CMEE Takes Off in Riverside: Art Classes Fill in a Heartbeat
The organizers of Riverside Rediscovered had just a couple weeks to get the word out about the new art classes the Children’s Museum of the East End planned to hold in their Peconic Avenue headquarters, but it turns out they only needed a day to fill the program to the brim.
As Riverside Rediscovered community liaison Siris Barrios began making the rounds knocking on doors in Riverside last year asking what community members feel they need, the idea of a children’s museum proved to be one of the most popular ideas to revitalize the neighborhood.
At first blush, that might not make much sense to people who live outside of Riverside, the Southampton hamlet across the river from Riverhead that is perhaps best known for housing the county jail and for the folks up to various nefarious pursuits on public streets.
But spend a little time here, and you’ll notice the plethora of baby carriages, pushed by mothers who often have no other form of transportation than their own two feet.
Within 24 hours of announcing the art class, said Ms. Barrios, there were already 22 children ages 2 to 5 signed up for the eight-week long class at the headquarters of the developers who are looking to rebuild the community from the ground up with the participation of the people who already live here.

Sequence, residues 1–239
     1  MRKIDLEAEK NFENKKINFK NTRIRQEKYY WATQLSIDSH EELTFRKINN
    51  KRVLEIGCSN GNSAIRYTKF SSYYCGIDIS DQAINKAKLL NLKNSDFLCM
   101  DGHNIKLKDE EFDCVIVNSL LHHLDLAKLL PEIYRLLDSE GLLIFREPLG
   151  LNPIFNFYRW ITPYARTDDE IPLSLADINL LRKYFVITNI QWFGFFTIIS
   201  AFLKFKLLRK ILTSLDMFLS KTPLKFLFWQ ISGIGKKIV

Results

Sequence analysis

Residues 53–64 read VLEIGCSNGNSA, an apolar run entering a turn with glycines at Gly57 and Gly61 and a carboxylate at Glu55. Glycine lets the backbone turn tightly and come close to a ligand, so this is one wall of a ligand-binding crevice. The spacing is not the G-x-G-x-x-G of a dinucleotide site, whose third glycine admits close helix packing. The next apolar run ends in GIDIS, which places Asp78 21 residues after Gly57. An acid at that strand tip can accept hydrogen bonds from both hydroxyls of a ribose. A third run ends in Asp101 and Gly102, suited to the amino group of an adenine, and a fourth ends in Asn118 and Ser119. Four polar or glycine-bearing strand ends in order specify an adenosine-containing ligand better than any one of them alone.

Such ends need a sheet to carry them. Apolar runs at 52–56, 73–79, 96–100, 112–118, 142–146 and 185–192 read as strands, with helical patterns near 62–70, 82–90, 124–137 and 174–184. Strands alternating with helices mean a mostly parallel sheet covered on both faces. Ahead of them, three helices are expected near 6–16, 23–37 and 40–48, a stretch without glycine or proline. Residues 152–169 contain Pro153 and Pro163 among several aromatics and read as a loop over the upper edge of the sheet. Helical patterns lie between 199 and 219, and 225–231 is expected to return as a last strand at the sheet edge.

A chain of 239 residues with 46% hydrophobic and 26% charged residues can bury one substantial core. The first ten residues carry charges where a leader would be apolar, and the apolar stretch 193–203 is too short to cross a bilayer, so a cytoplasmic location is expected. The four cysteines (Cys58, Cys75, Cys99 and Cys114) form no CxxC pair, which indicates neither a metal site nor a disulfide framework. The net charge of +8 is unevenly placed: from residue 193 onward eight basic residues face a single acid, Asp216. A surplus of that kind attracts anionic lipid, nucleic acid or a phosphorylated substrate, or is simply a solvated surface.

Most of those kids made it to opening day Tuesday night, but some, who needed to walk to the classes, couldn’t make it because of the pouring rain that began just before the first class.
“I said not to worry about coming if they have to walk,” she said.
The classes are being taught by CMEE Education Coordinator Liz Bard, who jumped right into a lesson Tuesday on mixing primary colored paint to make secondary colors.
The kids then dove right in to an evening of paint splattering, helped along by community member Angela Huneault, who has been tirelessly devoted to the Riverside revitalization effort.
CMEE Executive Dirctor Steve Long was on hand for the festivities.
“I’m so impressed with the way Siris has knocked on doors, met people in the community and learned what the needs are here,” he said. “A children’s museum should serve the needs of children, especially children that don’t have access to arts.”
He watched the kids as they experimented with the colors.
“When you see kids making secondary colors for the first time, it’s like making magic,” he said. “I’m hoping this will be the first of many programs here.”